SAN JOSE, CA - FEBRUARY 28: Daniel Winnik #34 of the San Jose Sharks skates in warm ups before the game against the Philadelphia Flyers at HP Pavilion at San Jose on February 28, 2012 in San Jose, California. (Photo by Thearon W. Henderson/Getty Images)
One of the more controversial moves Doug Wilson has made over the past year was trading Jamie McGinn and Michael Sgarbossa to the Avalanche for Daniel Winnik and T.J. Galiardi at the 2012 trade deadline. If you're reading this, you know how the rest of the story goes; McGinn caught fire playing with a vastly better center than he did in San Jose while the Sharks stumbled to their lowest seed since 2003 and endured the quickest postseason exit in franchise history. I wouldn't lay any of that at the feet of Winnik, however, who made a solid impact in turning around the bottom six forward group's possession game and improved the Sharks' dismal penalty kill.
Save for a terrible 09-10 season with the Phoenix Coyotes, Winnik has always been a standout possession forward. His size and above-average skating ability allow him to consistently win puck battles in all areas of the ice and ensure the puck spends the majority of the time in the offensive zone. Last year with the Avs, Winnik posted a sterling +12.2 Relative Corsi rate, a measure of the extent to which he improved the team's puck possession ability by stepping on the ice, which was first on the club despite the fact he started just 42.2% of his shifts in the offensive zone. He picked up right where he left off this year with the Avalanche, driving play while facing the toughs and seeing difficult zonestarts on a line with young phenoms Gabriel Landeskog and Ryan O'Reilly. Predictably, he carried his even-strength possession skills over to the Sharks where he, Andrew Desjardins and Tommy Wingels formed what was easily the most effective line the Sharks employed in their bottom six all season long.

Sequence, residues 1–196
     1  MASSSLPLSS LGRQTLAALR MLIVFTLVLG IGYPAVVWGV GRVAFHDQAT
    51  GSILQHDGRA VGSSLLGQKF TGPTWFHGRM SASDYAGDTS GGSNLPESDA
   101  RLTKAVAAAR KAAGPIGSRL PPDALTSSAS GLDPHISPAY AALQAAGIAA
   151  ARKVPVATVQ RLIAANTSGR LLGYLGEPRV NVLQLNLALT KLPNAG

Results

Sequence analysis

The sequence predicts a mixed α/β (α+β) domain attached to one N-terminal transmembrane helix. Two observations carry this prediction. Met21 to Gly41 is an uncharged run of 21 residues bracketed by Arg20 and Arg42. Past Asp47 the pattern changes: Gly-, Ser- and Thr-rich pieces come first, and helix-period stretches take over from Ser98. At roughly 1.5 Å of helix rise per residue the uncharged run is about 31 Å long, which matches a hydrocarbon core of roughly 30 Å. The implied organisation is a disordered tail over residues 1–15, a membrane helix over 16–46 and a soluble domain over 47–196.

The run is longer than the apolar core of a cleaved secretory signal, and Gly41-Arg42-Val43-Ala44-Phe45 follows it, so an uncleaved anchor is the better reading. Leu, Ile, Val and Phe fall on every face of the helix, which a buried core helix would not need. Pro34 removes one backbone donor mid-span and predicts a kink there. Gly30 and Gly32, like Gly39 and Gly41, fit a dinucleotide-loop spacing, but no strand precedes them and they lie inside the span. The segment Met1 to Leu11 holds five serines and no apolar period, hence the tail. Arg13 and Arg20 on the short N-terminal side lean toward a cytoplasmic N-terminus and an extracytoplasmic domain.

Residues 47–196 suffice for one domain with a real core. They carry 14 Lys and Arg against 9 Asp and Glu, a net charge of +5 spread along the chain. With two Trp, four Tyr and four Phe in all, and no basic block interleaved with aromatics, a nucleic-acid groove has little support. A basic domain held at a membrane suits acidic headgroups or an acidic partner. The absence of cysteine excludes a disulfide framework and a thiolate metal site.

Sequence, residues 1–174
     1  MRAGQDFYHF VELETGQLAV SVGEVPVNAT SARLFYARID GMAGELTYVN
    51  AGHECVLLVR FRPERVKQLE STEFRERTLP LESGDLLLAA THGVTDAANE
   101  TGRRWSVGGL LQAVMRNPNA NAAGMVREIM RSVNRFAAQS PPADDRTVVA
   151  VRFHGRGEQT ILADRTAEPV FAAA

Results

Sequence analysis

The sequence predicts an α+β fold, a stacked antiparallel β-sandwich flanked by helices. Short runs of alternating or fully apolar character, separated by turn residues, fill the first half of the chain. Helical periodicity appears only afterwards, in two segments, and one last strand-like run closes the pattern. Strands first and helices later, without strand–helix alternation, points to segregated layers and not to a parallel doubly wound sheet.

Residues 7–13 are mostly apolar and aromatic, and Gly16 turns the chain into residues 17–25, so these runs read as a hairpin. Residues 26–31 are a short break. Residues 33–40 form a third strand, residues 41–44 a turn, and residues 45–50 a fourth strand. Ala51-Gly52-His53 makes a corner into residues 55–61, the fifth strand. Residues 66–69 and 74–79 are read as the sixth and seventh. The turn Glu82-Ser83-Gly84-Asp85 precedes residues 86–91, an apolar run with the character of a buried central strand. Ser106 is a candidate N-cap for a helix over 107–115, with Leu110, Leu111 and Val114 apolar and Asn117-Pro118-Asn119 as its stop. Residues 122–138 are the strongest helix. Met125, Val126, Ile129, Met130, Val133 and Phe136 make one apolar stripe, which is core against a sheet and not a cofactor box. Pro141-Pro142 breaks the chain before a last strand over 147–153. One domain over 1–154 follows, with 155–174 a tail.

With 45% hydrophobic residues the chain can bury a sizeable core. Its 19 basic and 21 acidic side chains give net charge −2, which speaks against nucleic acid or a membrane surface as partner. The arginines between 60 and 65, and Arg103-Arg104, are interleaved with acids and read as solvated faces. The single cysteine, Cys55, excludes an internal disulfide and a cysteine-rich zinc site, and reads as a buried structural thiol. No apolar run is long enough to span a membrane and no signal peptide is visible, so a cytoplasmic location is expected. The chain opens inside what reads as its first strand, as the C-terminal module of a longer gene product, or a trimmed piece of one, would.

The only issue with Winnik's play at evens, and this is an argument I rarely make, is that he appears to be one of the few forwards in the league who demonstrably suppresses the shooting percentage of his teammates (in addition, obviously, to being a below-average finisher himself). Since 2007, Winnik's 5.63 on-ice EV shooting percentage ranks 244th out of the 247 forwards who have played at least 3000 minutes over that span. Of course, the game is about how many more goals you're able to score than your opponents and on the flip side of the coin, Winnik's .930 on-ice EV save percentage since 2007 is 20th-best among qualifying forwards. Still, that adds up to a below-average PDO and since the primary force driving on-ice SV% is goaltending, that part of the equation is more likely to be subject to variance going forward than Winnik's poor on-ice finishing rate.
When the Sharks first acquired Winnik, I mentioned that he was arguably the best penalty killing forward in the league this season with the Avalanche as no forward in the NHL who averaged at least two shorthanded minutes per game averaged fewer shots against per 60 minutes on the PK than Winnik. He finished the season atop that leaderboard and only three 2-minute-a-game penalty killing forwards in the league--all of them Penguins; Jordan Staal, Craig Adams and Matt Cooke--averaged fewer goals against per 60 shorthanded minutes than Winnik. Despite the Sharks' conservative approach to killing penalties contrasting with Winnik's aggressive style of shorthanded play, this was an area Winnik made a definite impact in and he could certainly be counted on to anchor a #1 PK unit in the future.
Daniel Winnik Statistical Overview (Colorado and San Jose)
|Season||GP||TOI/60||Corsi Rel QoC||DZone%|
|Corsi Rel||PDO||+/-/60||4v5 SA/60||4v5 GA/60|
FTF Grade: B+. Winnik was terrific on the penalty kill and proved to be the shot in the arm the team's bottom six needed, at least in terms of playing at the right end of the rink. His abnormally poor finishing rate at evens and his tendency to create lower-quality shots for his teammates raise concerns about the viability of re-signing him before he hits unrestricted free agency on July 1st, but Winnik provides enough value through puck possession and shorthanded dominance that a contract in the realm of the $2.25mil/year deal he was reportedly seeking from the Avalanche would be a solid move for the Sharks front office.
How would you grade Daniel Winnik's 2011-12 season?
A (47 votes)
B (183 votes)
C (47 votes)
D (11 votes)
F (5 votes)
293 total votes